Improve 00' YZ426 braking!?!?!?! how?

I did a CRF master cylinder along with a stainless brake hose and it make a world of difference! Definitely worth the $$$

I have a brand new Nissin MC and Ride Engineering SS brake line just waiting to go on. I'm hoping I can install and ride this weekend, I'll post an update.

Thanks for all the responses.

The '03 & later 450 rear brake set-up was a big help on my '00, but I still want to do something with the fronts as well. I was looking at trying one of those wave rotors, has anybody tried these and do they work better?:cry:

I am running a braking wave oversized (floating) rotor, a 2002 Cr master and cr routing with Motul 600. It works as well as it is going to get. It will never stop like a 250 just because of the weight difference.

I have an oversize EBC setup and a ss honda routing line on my 2000 yz426. works great. I would be interested in selling it, but I do not have the stock rotor (need a swap). I will sell the EBC setup for half of retail ($80) with swap. pm me or send an email to

I got everything installed and did a half-ass bleed job since I needed to leave (filling and bleeding a bone dry system sucks!). Took it out for spin and after a few hard pulls it felt pretty good...... even with air in the system it felt better than the stock setup. Once I get it bled properly I think I'm gonna be a happy camper. Plus the Nissin MC adjustment screw doesnt stick out like the old Akebono one did and doesn't shred my finger anymore :cry:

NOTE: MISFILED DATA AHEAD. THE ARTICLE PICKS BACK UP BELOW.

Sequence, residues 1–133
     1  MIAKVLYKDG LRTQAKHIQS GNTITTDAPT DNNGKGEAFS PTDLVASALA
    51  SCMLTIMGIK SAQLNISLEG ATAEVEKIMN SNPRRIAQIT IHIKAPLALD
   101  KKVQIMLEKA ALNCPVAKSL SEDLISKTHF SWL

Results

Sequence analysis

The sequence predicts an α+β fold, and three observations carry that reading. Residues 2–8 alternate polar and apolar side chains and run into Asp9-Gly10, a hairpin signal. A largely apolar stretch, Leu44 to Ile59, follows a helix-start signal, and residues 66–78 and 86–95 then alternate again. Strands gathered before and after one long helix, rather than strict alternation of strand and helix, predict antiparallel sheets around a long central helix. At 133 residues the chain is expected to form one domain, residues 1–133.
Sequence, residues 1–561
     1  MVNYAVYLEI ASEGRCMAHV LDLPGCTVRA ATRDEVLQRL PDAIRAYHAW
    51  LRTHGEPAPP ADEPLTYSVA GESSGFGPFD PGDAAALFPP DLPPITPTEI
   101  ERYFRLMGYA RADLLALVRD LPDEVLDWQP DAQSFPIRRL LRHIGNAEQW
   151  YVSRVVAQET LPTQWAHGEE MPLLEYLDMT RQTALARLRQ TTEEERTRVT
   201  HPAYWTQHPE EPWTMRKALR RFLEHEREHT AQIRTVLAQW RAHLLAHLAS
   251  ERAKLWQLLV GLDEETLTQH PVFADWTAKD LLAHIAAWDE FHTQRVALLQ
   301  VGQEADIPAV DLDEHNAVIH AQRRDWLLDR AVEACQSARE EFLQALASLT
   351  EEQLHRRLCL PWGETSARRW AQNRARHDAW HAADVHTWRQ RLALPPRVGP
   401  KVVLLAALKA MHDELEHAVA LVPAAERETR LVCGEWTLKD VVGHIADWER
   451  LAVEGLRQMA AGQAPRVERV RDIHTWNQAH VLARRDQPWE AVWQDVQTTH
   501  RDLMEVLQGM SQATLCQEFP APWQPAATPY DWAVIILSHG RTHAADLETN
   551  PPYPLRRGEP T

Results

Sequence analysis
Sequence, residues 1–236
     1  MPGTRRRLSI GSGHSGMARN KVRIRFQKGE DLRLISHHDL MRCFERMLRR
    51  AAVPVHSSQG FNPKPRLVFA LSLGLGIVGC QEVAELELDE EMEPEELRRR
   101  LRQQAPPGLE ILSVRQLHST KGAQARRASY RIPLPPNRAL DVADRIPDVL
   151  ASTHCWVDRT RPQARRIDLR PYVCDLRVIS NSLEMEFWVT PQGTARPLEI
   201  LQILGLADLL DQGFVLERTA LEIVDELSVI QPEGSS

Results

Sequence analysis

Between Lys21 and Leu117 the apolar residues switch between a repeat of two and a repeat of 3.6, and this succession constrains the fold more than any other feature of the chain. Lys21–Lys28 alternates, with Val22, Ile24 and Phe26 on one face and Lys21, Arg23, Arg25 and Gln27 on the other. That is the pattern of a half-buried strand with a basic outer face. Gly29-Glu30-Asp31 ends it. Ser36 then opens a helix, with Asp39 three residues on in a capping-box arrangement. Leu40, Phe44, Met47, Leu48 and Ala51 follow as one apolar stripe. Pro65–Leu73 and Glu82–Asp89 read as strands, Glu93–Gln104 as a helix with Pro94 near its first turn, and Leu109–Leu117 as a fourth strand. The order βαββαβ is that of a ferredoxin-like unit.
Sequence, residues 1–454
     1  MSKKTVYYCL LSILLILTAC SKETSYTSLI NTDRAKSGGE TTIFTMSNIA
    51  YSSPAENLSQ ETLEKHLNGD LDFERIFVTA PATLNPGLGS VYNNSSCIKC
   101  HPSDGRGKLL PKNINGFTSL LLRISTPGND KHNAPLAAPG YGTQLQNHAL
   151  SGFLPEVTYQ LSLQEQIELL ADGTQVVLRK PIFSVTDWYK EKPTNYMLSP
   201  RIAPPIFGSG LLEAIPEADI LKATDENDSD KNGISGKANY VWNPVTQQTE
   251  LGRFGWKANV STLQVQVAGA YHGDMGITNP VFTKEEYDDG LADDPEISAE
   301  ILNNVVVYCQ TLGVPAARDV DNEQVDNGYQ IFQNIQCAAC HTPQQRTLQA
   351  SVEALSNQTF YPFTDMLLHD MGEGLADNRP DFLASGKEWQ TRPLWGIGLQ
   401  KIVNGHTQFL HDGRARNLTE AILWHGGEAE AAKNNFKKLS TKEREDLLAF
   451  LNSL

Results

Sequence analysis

Now I need to tie wrap the line to the fork guard.... even with the keeper installed it will rub against the rotor after coming a hard landing. Damn $35 POS line clamp :cry:


thanks for the offer, but my allowance has been disabled for a while.... :cry:


Not much you can do truthfully, the 2000 has non flaoters in the front thismakes a big differance as well as the master cylinder. I put the cr routing on as well as an over sized roter in the front, works like a charm, although, when I ride m sons 02 250 its is far better for sure, even the back